The Pleasance Theatre is above a huge pub in an industrial courtyard off a one-way system that’s virtually impossible to get to if you’re driving. It’s near Kentish Town and the Cally Road, and although it has plenty of flags outside proclaiming its presence, nobody I know has ever heard of it. This is no scruffy little fringe room above a boozer. It’s the showcase in London for the Edinburgh Fringe. Who knew?
Well, I did, having accidentally discovered it a few weeks back with their excellent production of ‘Assassins’. On Sunday afternoon I walked over to see ‘Too Hot To Handel’ (from the creator of ‘Montiverdi’s Flying Circus’). The idea is to take key duets and arias from Handel’s operas and transpose them to the present day with a storyline in order to introduce people to a fairly difficult composer.
So we get a love story, a flying dog, singing charladies and the Hallelujah Chorus belted out by members of the audience. Much of this owed its freeform nature to the existence of flashmob theatre, where spontaneous performers are mixed into the passing crowds. A very funny row in the crowded interval bar resulted in a drink being chucked in the lead’s face, and we realised we no longer knew who amongst us was part of the play.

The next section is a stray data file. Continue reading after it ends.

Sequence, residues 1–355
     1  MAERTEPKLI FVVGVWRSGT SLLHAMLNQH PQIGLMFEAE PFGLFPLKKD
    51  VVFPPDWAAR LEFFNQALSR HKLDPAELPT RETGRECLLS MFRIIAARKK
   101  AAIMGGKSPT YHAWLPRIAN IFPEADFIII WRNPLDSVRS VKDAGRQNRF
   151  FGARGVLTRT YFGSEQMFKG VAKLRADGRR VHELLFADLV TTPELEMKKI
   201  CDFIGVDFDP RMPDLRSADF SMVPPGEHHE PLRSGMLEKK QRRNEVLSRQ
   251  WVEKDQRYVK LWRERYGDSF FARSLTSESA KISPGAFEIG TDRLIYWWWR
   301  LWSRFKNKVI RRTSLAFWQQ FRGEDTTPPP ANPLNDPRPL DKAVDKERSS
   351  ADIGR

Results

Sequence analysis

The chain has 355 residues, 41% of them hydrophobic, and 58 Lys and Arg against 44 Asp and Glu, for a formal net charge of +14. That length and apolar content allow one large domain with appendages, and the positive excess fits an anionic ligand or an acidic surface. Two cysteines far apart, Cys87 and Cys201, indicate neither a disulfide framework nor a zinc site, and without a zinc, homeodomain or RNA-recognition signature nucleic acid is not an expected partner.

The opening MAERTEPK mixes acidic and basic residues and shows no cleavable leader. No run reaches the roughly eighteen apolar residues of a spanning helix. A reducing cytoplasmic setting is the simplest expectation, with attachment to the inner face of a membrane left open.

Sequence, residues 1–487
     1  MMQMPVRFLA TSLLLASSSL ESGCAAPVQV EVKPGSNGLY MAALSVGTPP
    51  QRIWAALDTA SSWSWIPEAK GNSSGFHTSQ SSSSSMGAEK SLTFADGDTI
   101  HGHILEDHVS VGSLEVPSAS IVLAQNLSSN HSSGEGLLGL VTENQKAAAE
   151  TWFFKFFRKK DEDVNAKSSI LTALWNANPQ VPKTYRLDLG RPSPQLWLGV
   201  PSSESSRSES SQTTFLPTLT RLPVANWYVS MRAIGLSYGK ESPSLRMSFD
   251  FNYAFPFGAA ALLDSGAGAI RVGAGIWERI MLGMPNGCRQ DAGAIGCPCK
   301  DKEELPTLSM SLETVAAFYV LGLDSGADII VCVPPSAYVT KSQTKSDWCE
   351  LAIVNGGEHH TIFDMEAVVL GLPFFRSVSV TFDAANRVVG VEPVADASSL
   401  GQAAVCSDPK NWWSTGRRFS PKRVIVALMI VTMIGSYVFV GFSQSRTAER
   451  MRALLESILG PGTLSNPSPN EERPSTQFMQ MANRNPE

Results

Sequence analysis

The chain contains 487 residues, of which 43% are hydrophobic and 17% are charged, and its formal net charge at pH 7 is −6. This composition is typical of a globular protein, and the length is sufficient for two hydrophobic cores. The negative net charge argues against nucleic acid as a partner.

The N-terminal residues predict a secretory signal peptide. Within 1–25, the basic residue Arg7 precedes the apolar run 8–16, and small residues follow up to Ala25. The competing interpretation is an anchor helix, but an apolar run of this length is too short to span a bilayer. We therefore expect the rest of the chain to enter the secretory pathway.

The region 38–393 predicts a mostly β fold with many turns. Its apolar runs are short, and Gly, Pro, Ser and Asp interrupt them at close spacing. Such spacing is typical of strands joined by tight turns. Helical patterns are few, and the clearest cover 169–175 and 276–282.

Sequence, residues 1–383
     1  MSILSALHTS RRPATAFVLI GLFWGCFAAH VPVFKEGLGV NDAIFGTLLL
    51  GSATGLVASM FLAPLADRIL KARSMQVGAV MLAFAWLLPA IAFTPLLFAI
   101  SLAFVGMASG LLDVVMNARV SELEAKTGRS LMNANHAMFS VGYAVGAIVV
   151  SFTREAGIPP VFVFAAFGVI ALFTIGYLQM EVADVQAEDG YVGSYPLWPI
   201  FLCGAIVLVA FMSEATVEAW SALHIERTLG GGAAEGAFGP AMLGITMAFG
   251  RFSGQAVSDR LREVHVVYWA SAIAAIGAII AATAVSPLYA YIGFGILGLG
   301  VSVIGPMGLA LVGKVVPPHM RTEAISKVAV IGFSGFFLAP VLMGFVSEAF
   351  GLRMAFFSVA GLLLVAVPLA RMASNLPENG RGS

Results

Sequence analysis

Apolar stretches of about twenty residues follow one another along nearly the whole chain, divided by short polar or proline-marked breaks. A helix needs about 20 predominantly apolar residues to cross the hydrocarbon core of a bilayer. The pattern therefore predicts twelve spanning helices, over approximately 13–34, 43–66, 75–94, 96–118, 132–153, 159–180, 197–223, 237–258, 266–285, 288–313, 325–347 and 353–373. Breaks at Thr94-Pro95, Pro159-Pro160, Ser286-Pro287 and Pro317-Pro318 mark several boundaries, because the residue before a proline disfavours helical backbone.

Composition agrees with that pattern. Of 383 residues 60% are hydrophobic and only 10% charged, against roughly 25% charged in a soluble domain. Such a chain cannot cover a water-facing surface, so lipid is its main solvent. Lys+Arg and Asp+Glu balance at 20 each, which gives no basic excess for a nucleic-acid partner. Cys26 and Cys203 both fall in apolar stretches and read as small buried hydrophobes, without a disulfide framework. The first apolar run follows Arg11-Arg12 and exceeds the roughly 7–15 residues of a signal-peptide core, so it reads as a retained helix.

I’m still not keen on Handel; two much trilling, and that ominous harpsichord glissando which warns us of yet another song about unrequited love approaching, but this is the way to kickstart start potential fans. The leads were Royal Opera House, their backing quintet was perfectly period, Handel’s themes were untouched – only the language and setting has changed, so that it came as a shock when the lead’s girlfriend called him a plonker.
The theatre is currently running a huge Edinburgh preview, and there are usually seats available at short notice. If you’re visiting London, leave the West End to those poor tourists who’ve forked out fortunes to see some knackered old Lloyd Webber musical trudging wearily through its paces like a worn-out carthorse, and catch something fresh for a quarter of the price.